Horseshoes, hand grenades and special electionsBottom Highlights, Latest Issue, Politically Aware Thursday, April 27th, 2017
Commentary: Politically Aware
Congressional candidates in recent special elections have outpaced the Democratic Party’s recent electoral history and still lost. In the Kansas 4th District (KS-4), James Thompson took nearly 46 percent in a place where Democrats hadn’t cracked 40 percent in over 15 years. In Georgia’s 6th District (GA-6), not won by a Democrat since 1976, Jon Ossoff got 48 percent, almost avoiding a June run-off.
Democrats are celebrating an energy they believe could give them control of the House of Representatives in 2018. Republicans say close only counts in horseshoes and hand grenades. A deeper look at the numbers suggests Democrats have more of the truth, but haven’t closed the deal.
Instead of their current 0-2 record, look at the gap Democrats have closed since 2016. In KS-4, President Trump beat Sec. Hillary Clinton by 27 points, and former Republican Congressman Mike Pompeo won by 31 points. Using those numbers as a baseline, Thompson’s seven point loss is an improvement of at least 20 percent. GA-6 is a more mixed message, with Ossoff performing 10 points better than the 2016 congressional candidate, but barely exceeding Clinton’s 47 percent.
One way to project special election results into the midterms is the Partisan Voter Index (PVI). The Cook Political Report’s PVI ranks K-4 as an “R+15”, meaning it leans 15 points more Republican than the nation as a whole, while G-6 is an R+8. That suggests Democrats beat historical expectations by about eight points, depending on exactly how you crunch the numbers.
What do eight points mean in 2018? In the 2006 midterm elections, when President George W. Bush had an approval rating slightly lower than President Trump’s current 42 percent, Democrats won the national congressional vote by eight percent. They regained control of the House by winning a net 31 seats, more than the 24 they would need this year. Redistricting has probably made it harder for Democrats, but the PVI gives hope in another way: G-6 is the 165th most Republican leaning congressional district. If Democrats win there and everywhere less Republican, they would take the House with about 50 seats to spare.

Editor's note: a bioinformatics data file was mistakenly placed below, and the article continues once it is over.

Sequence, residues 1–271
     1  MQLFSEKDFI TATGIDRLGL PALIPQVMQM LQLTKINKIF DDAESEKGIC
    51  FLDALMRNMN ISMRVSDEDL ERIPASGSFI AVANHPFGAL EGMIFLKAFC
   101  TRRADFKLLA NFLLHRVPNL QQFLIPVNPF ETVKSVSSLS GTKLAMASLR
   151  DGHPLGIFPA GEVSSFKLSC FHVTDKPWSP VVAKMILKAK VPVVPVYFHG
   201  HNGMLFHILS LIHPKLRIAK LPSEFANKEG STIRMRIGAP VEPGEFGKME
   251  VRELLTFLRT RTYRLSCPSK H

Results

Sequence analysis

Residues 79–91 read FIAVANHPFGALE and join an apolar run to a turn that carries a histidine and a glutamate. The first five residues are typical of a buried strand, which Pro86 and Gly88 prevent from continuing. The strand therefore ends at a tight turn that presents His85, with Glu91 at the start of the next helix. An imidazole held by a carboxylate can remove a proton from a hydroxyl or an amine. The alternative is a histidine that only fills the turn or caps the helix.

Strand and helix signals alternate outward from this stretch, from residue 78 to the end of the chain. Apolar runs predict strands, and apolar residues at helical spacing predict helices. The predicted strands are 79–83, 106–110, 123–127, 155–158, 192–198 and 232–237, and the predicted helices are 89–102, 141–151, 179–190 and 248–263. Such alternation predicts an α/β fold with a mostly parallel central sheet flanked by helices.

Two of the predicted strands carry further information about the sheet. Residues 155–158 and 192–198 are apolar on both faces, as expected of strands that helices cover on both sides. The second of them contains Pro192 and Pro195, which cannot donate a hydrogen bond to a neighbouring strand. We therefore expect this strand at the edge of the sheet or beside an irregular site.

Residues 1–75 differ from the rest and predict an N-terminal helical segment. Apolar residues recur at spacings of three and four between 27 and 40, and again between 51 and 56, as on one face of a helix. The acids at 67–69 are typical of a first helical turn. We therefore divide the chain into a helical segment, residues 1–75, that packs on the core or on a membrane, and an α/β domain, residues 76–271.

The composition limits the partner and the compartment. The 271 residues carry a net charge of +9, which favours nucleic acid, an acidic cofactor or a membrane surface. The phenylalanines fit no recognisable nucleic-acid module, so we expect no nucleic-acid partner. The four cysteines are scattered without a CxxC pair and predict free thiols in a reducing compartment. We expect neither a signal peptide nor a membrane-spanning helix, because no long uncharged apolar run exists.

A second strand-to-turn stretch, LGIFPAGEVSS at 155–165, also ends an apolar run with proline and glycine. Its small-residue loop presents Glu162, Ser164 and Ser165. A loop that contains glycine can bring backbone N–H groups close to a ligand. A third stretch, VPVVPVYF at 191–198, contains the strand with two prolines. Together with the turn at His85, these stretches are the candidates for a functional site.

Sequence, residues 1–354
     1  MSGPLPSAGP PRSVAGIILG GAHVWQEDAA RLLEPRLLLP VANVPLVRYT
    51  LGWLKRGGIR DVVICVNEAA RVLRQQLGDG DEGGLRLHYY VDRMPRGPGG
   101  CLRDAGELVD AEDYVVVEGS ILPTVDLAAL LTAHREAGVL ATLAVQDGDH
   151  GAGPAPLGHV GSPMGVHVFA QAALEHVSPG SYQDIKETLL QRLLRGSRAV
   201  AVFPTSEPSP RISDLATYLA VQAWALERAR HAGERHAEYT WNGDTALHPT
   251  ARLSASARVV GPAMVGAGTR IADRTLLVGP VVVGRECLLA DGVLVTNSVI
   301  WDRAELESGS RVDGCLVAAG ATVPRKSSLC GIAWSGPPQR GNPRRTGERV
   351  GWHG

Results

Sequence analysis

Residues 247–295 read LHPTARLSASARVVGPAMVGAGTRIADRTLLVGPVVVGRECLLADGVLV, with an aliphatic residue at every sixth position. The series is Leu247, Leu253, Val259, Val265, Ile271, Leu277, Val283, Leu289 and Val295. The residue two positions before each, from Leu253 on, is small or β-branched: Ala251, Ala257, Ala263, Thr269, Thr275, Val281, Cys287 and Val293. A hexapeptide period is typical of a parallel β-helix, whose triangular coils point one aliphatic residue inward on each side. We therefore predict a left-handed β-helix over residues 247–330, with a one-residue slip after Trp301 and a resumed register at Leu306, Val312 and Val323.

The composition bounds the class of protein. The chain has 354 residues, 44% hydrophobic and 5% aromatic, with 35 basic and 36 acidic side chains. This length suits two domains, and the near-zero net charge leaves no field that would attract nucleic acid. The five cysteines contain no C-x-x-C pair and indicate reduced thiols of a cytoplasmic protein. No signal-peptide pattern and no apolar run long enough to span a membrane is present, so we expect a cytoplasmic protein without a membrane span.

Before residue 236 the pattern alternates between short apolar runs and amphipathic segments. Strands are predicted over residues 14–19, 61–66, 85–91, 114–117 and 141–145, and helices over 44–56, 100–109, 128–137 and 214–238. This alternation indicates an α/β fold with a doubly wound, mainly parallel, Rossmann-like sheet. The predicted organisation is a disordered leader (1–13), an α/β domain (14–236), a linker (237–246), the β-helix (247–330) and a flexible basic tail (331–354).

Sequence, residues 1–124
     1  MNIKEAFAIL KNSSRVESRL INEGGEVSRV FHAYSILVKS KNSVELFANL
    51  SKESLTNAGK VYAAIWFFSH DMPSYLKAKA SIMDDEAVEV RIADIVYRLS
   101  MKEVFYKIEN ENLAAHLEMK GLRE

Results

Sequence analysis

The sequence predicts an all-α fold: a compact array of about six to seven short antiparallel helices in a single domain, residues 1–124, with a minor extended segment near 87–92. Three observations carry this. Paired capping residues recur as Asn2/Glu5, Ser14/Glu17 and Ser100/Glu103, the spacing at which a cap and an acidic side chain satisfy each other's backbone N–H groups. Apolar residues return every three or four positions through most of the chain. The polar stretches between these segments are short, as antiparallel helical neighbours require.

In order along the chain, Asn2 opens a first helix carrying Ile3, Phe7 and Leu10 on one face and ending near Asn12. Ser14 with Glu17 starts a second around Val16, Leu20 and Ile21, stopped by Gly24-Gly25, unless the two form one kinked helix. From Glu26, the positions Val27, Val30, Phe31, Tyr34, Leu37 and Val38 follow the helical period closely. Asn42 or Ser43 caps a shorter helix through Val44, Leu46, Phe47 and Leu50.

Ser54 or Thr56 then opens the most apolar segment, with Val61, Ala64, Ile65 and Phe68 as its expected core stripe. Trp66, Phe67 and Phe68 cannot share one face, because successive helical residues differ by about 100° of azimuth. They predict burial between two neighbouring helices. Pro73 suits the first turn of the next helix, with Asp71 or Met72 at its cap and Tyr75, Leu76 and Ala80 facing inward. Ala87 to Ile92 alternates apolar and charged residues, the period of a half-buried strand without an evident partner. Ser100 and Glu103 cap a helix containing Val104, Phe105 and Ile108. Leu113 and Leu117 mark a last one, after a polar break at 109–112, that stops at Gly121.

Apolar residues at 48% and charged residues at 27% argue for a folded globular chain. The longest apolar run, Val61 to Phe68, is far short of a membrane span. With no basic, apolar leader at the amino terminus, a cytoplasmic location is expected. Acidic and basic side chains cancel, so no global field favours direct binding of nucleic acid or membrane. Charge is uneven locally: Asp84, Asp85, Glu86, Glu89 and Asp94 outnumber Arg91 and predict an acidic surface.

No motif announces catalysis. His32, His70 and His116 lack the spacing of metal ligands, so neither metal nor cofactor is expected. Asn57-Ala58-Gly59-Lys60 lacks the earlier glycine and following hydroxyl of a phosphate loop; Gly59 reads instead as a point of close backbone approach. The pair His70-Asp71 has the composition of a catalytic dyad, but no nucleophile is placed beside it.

Still, there are warning signs for Democrats. When voters are asked which party they favor in 2018, Democrats are ahead by less than one point (RealClearPolitics.com), not eight, and in an ABC News/Washington Post poll, only 28 percent felt the Democratic Party was “in touch with people’s concerns.”
Clearly President Trump’s low approval has given Democrats an opening, but frankly so did his candidacy. Trump won largely because he did better among voters who disliked him and Clinton, even if they thought he was unfit for office. To take the House in 2018, Democrats need a message that brings those voters back to their party.
Their next chance to try is the Montana (R+11) special election May 25. Will Democratic candidate Rob Quist just come close, or finally close the deal? Stay tuned.
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